In the latest interview with CNBC, the CEO of the fintech lender Affirm claimed he might have to consider accepting bitcoin (BTC), despite his initial skeptical stance on crypto.
The infamous crypto skeptic appears to be warming up to cryptocurrencies, as bitcoin is closer than ever to $50,000.
Crossing Over the Bitcoin Chasm
Levchin explained that the growth in popularity of cryptocurrencies had been “incredible.” Thus, the market movements should inform the decision-making process on whether to integrate digital assets with fintech products or not.
Continuing on the subject, Levchin admitted that the firm may need to embrace bitcoin:
“If it becomes a meaningful exchange that folks want to actually use to buy their Pelotons and their sporting goods, we will have to consider it.”
Earlier, Levchin told CNBC that he is open-minded about blockchain, while he has some concerns over bitcoin itself. Calling into question its credibility as a long-term investment, he said:
“TBD [To be discussed] on whether it’s a currency or just a way to make money fast. I invest in things that I have a strong, long-term point of view on and bitcoin I’m still trying to figure out.”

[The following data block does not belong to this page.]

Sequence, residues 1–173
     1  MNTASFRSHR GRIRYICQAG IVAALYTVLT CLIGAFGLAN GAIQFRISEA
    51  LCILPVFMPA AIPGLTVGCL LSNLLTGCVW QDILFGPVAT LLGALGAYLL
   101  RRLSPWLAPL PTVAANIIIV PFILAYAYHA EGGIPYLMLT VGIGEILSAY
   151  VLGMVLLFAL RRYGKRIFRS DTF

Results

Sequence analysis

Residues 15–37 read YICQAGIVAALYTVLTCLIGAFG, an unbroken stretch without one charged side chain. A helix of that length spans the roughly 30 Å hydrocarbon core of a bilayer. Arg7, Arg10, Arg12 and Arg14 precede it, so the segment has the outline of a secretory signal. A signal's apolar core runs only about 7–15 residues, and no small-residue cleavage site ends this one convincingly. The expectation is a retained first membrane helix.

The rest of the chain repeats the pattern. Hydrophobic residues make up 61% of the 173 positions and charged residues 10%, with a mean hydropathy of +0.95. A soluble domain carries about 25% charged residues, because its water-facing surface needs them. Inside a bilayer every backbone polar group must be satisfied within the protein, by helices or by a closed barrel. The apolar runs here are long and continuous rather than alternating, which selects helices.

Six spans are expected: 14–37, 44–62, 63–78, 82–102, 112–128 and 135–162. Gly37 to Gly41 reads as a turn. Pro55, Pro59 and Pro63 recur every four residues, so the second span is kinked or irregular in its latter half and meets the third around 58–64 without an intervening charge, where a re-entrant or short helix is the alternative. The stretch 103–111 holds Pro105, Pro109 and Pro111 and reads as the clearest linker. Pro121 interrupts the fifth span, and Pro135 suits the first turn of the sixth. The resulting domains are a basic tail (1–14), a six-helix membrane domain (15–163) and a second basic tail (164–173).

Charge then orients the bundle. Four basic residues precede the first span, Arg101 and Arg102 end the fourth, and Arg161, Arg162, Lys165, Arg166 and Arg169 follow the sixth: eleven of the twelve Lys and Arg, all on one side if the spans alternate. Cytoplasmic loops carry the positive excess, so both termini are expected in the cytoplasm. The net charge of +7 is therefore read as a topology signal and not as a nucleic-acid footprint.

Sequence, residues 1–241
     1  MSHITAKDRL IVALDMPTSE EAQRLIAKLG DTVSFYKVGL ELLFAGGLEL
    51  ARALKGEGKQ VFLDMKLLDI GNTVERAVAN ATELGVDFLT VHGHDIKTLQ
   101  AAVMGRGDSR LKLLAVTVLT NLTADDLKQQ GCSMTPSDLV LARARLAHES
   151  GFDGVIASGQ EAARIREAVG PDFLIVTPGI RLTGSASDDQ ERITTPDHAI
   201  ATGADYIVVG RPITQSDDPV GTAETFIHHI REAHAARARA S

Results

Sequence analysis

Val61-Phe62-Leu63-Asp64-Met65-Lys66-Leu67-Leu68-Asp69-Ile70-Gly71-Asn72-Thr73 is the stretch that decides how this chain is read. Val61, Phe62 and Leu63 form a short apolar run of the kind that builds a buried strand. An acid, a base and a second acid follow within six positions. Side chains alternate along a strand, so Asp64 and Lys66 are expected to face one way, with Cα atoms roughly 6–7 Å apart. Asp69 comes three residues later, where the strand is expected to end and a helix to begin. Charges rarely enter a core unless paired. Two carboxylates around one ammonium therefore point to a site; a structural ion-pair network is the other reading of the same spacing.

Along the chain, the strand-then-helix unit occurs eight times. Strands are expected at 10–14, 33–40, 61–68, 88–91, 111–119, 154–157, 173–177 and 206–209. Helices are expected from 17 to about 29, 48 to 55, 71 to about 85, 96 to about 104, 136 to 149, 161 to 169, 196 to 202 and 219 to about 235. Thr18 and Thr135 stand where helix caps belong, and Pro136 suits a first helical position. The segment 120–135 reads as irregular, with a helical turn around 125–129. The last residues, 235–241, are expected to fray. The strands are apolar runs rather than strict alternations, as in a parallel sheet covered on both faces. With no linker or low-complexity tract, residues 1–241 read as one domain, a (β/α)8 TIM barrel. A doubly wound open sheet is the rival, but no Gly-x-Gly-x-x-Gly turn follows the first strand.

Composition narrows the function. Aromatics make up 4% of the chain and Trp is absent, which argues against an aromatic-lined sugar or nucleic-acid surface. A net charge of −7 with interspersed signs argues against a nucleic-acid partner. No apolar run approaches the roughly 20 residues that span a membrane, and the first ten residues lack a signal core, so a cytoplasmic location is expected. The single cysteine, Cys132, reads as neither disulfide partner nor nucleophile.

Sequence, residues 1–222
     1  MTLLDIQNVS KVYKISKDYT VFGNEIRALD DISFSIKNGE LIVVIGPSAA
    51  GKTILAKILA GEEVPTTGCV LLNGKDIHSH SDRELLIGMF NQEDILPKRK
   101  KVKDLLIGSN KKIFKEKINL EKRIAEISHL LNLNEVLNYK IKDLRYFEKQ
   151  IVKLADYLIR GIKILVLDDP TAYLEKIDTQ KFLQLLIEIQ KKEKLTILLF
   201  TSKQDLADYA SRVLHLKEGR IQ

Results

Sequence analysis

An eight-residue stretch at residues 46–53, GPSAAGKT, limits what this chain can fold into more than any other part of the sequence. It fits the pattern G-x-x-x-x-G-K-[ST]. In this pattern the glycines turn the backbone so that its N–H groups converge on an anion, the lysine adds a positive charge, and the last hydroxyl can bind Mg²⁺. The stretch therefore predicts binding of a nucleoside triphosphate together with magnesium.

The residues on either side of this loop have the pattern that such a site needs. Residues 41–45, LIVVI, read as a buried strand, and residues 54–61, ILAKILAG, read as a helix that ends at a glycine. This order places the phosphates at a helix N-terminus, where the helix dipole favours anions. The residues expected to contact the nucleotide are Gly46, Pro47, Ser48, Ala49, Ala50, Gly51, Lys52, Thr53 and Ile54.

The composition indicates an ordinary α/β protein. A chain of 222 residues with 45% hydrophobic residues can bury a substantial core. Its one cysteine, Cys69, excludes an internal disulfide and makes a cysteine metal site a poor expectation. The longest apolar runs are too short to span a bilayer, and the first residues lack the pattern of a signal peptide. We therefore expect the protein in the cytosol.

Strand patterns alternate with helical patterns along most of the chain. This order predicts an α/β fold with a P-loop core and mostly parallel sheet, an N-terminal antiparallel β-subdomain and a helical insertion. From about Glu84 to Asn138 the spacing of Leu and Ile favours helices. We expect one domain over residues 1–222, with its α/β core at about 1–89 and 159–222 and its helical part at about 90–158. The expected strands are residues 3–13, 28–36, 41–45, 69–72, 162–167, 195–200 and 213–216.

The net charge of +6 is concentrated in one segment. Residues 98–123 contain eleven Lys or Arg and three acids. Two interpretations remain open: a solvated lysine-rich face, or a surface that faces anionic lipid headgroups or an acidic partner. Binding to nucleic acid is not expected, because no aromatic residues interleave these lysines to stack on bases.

But today the “buy now, pay later” fintech seems to view bitcoin as one of the potential moneymakers. On Feb. 11, Affirm issued its first quarterly earnings report since going public in January.
Despite revenue having beaten all expectations, the company remains unprofitable after losing over $31 million by the end of Dec. 31.
Big Boost in Fintech Engagement
Bitcoin’s value soared considerably on Feb. 8 after Tesla invested $1.5 billion in the world’s leading cryptocurrency.
At the same time, PayPal announced further plans to expand its initial cryptocurrency offer to the UK through the Venmo wallet. UK-residents will be the first non-American users to access buy, sell, and custody crypto features while shopping with the platform.
On Feb. 10, Mastercard joined the party by saying it will enable merchants to transact in crypto on its payment network. Previously, Visa had revealed a bitcoin and crypto banking roadmap as a part of its new digital-first approach.
The payments giant has already partnered with crypto startup BlockFi to power a bitcoin-rewards credit card. It has also partnered with First Boulevard to pilot its new crypto software program.
Meanwhile, institutional demand keeps gaining momentum. According to Bitcointreasuries.org, publicly-traded companies and fund managers currently hold about $60 billion in bitcoin. In percentage terms, this is nearly 6% of the circulating supply.
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